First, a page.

R. David Murray writes:
But I would certainly appreciate review from anyone so moved, since I haven't gotten any yet.
I'll try to make time for a serious (but obviously partial) review by Monday.
I don't know if this is "serious" bikeshedding, but I have a comment or two on the example:
from email.message import MIMEMessage from email.headerregistry import Address fullmsg = MIMEMessage() fullmsg['To'] = Address('FoÃ¶ Bar', 'email@example.com') fullmsg['From'] = "mÃ¨ <firstname.lastname@example.org>" fullmsg['Subject'] = "j'ai un problÃ¨me de python."
This is very nice! *I* *love* it.
But (sorry!) I worry that it's not obvious to "naive" users. Maybe it would be useful to have a Message() factory which has one semantic difference from MIMEMessage: it "requires" RFC 822-required headers (or optionally RFC 1036 for news). Eg:
# This message will be posted and mailed # These would conform to the latest Draft Standards # and be DKIM-signed fullmsg = Message('rfc822', 'rfc1036', 'dmarc')
I'm not sure how "required" would be implemented (perhaps through a .validate() method). So the signature of the API suggested above is Message(*validators, **kw).
For MIMEMessage, I think I prefer the name "MIMEPart". To naive users, the idea of MIMEMessages containing MIMEMessages is a bit disconcerting, except in the case of multipart/digest, I think.
fullmsg.set_content("et la il est montÃ© sur moi et il commence" " a m'Ã©touffer.") htmlmsg = MIMEMessage() htmlmsg.set_content("<p>et la il est montÃ© sur moi et il commence" " a m'Ã©touffer.</p><img src='image1' />", subtype='html')
I think I'd like to express the suite above as
fullmsg.payload.add_alternative(...) fullmsg.payload.add_alternative(..., subtype='html')
This would automatically convert the MIME type of fullmsg to 'multipart/alternative', and .payload to a list where necessary. .set_content() would be available but it's "dangerous" (it could replace an arbitrary multipart -- this would be useful operation to replace it with a textual URL or external-body part).
Aside: it occurs to me that the .payload attribute (and other such attributes) could be avoided by the device of using names prefixed by ":" such as ":payload" as keys: "fullmsg[':payload']" since colon is illegal in field names (cf RFC 5322). Probably I've just been writing too much Common Lisp, though.<wink/>
I'm not sure whether "payload" is a better name than "content" for that attribute.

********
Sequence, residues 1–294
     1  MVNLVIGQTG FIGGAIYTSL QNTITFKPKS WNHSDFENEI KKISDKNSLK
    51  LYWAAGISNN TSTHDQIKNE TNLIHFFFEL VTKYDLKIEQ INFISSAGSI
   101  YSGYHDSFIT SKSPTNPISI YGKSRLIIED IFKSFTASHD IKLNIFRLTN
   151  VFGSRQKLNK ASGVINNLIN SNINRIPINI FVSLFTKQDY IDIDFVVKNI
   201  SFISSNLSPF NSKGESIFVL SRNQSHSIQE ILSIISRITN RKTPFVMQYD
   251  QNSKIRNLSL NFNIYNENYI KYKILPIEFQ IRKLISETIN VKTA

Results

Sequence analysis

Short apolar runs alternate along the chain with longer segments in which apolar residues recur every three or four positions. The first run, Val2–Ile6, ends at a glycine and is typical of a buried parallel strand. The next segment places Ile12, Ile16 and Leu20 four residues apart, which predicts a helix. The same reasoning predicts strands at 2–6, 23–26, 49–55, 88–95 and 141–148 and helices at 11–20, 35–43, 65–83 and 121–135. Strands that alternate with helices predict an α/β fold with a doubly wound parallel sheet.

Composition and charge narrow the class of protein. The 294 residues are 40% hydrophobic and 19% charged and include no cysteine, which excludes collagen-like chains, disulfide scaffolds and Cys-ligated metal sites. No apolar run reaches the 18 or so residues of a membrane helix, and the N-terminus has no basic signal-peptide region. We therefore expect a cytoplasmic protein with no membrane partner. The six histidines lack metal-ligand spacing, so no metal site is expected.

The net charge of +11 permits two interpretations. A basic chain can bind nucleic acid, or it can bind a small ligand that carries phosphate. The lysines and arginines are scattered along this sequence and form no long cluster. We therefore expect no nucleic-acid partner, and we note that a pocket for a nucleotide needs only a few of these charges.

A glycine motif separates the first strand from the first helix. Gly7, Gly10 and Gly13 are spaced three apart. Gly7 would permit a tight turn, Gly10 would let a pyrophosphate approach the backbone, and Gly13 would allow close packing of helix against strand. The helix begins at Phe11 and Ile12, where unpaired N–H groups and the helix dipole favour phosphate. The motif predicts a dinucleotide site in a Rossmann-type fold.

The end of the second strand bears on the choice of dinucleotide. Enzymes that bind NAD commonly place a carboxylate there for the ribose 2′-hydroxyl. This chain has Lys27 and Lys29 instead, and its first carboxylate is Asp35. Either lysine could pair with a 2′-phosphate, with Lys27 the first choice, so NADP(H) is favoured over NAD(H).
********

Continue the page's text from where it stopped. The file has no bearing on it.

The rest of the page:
Now the suite
with open('python.jpg', 'rb') as python: htmlmsg.add_related(python.read(), 'image', 'jpg', cid='image1' disposition='inline') fullmsg.make_alternative() fullmsg.attach(htmlmsg)
with open('python.jpg', 'rb') as python: fullmsg.payload['text/html'].add_related(...)
At this point, "fullmsg.add_related()" without the .payload attribute would be an error, unless a "insertPart=True" keyword argument were present. With "insertPart=True", a new top-level multipart/related would be interposed with the existing multipart/alternative as its first child, and the argument of add_related as the second. Maybe that's too complicated, but I suspect it's harder for people who think of MIME messages as trees, than for people who think of messages as documents and don't want to hear about mimes other than Marcel Marceau.<wink/>
The indexing of the .payload attribute by part type is perhaps too smart for my own good, haven't thought carefully about it. It's plausible, though, since a message with multiple parts of the same type can only have one displayed -- normally that shouldn't happen. OTOH, this wouldn't work without modification for multipart/mixed or multipart/related. Could use Yet Another Keyword Argument, maybe.
(BTW, it's really annoying when the text/plain part refers to images etc that are attached only to the text/html part. AFAICT from RFC 2387 it ought to be possible to put the multipart/related part at the top so both text/html and text/plain can refer to it.)
with open('police-report.txt') as report: fullmsg.add_attachment(report.read(), filename='pÃ¶lice-report.txt', params=dict(wrap='flow'), headers=( 'X-Secret-Level: top', 'X-Authorization: Monty'))
I can't find an RFC that specifies a "wrap" parameter to text/plain. Do you mean RFC 2646 'format="flowed"' here?
(A "validate" method could raise a warning on unregistered parameters.)
(Hmm. Looking at that I see I didn't fully fix a bug I had meant to fix: some of the parts have a MIME-Version header that don't need it.)
Another reason why the top-level part should be treated differently in the API.